OBJECTIVE: The present study was aimed at illustrating short- or long-term patient outcome among individuals with urgent-start peritoneal dialysis (PD) compared with those with conventional PD.
MATERIALS AND METHODS: We searched the PubMed, EMBASE, Cochrane Controlled Trials Register and China National Knowledge Infrastructure databases. Cohort studies were investigated comparing the effects of urgent start of PD (<14 days after catheter insertion) to those of conventional start of PD (≥14 days after catheter insertion). Risks of bias across studies were evaluated using Newcastle-Ottawa Quality Assessment Scale. We calculated the pooled risk ratios and mean differences with 95% confidence intervals for dichotomous data and continuous data, respectively.
RESULTS: Six studies involving 1,242 patients were identified. Compared with conventional PD, urgent-start PD was not associated with a high mortality (RR: 1.25, 95% CI: 0.92 to 1.69; I2=0%, p=0.99) and a higher prevalence of overall mechanical complications (RR: 1.79, 95% CI: 0.85 to 3.78; p=0.12; I2=64%, p=0.02). However, urgent-start PD was associated with a higher prevalence of leakage (RR: 6.72, 95% CI: 2.11 to 21.32; I2=0%, p=0.60). In terms of infectious complications, data analysis of the fixed-effects model showed no difference between the two groups. (RR: 1.36, 95% CI: 0.90 to 2.05, p=0.14), regardless of peritonitis (RR: 1.36, 95% CI: 0.90 to 2.05, p=0.14; I2=0%, p=0.70) or other infections (RR: 1.15, 95% CI: 0.49 to 2.69, p=0.99; I2=0%, p=0.75).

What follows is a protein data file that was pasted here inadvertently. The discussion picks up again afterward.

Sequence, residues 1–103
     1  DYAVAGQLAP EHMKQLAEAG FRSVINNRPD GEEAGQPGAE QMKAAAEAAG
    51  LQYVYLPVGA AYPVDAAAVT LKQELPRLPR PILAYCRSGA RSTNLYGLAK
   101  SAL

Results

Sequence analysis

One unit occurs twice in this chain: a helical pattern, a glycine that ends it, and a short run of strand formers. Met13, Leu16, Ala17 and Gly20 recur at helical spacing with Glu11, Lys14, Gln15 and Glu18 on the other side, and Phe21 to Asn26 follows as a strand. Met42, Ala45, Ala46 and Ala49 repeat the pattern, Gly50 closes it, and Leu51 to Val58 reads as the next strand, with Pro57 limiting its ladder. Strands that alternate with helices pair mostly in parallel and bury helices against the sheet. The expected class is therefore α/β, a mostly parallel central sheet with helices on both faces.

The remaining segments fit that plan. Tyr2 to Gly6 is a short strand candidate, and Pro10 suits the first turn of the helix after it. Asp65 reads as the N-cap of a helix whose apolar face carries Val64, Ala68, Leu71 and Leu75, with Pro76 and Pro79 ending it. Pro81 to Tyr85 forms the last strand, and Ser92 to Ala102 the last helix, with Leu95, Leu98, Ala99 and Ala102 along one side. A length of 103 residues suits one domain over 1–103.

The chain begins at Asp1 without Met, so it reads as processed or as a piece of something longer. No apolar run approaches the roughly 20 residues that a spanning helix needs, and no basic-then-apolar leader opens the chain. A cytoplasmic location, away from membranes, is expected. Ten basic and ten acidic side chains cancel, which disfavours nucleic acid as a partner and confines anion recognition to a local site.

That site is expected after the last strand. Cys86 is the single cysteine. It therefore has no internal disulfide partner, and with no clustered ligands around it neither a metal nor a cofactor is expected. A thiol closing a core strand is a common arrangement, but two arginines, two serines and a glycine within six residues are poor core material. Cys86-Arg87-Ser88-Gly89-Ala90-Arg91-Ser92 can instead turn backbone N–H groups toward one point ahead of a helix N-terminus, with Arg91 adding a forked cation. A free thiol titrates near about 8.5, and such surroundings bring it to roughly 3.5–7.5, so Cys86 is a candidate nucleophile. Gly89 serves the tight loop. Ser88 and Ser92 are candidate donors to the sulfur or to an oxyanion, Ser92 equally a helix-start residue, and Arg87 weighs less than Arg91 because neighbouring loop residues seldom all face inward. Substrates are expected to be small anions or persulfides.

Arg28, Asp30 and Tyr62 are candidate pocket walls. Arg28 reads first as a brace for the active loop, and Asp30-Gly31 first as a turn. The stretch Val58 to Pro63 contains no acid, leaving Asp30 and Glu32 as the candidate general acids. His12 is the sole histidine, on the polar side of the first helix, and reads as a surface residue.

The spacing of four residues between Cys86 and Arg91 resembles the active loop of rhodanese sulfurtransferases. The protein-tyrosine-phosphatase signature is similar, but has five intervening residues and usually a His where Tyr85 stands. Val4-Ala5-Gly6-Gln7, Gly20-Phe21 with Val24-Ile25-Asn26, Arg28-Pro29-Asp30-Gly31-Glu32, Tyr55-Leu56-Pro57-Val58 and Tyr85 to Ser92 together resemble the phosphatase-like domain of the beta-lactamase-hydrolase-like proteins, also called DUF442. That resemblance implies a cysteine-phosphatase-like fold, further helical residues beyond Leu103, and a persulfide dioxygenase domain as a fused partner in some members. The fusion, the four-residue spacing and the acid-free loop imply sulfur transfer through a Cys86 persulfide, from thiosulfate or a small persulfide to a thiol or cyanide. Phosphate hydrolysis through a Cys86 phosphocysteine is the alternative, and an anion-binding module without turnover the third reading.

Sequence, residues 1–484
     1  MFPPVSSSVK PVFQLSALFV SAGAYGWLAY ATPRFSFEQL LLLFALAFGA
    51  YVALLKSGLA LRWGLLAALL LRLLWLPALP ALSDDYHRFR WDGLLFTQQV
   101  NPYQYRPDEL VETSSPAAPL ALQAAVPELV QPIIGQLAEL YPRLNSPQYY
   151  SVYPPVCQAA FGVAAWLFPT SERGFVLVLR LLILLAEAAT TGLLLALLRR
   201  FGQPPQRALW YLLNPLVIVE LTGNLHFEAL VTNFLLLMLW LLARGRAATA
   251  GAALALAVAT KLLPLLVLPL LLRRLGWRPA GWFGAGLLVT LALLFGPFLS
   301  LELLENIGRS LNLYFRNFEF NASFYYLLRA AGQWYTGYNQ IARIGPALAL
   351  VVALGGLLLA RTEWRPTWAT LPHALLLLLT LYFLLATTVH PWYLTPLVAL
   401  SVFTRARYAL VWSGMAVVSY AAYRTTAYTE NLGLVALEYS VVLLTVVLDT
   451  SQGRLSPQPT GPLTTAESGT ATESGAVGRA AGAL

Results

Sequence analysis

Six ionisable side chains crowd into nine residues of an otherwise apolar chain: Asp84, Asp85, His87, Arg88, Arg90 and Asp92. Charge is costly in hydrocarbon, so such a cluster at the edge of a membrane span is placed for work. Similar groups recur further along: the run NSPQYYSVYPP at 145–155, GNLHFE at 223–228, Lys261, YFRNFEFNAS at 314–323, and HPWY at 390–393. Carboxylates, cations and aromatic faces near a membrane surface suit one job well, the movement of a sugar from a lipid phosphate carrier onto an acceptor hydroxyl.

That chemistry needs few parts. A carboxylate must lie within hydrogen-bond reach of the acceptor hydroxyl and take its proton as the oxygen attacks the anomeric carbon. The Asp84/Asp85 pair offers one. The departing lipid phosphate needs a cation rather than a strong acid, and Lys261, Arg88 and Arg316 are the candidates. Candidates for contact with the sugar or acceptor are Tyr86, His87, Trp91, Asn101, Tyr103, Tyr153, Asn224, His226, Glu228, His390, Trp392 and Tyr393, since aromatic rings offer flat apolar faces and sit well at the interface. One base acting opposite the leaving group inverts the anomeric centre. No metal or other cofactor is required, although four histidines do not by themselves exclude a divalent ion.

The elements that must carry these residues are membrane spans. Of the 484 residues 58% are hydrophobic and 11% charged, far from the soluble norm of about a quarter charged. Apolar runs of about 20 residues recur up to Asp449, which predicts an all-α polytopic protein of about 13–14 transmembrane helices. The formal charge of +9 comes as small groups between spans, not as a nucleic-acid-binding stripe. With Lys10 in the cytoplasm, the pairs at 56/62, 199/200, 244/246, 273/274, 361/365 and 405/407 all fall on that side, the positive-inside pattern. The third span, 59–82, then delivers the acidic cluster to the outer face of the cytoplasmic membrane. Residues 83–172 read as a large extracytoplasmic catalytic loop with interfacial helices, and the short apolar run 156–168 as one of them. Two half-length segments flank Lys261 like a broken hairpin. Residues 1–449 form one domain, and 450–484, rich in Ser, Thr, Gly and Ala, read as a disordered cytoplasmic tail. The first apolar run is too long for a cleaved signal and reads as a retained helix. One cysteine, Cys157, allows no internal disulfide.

CONCLUSIONS: Urgent-start PD was not associated with a higher risk of mortality and dialysis-related complications. However, compared with conventional PD, an urgent start of PD may increase the risk of a leak.Free PDF Download
To cite this article
X.-J. Zang, B. Yang, X. Du, C.-L. Mei
Urgent-start peritoneal dialysis and patient outcomes: a systematic review and meta-analysis
Eur Rev Med Pharmacol Sci
Vol. 23 - N. 5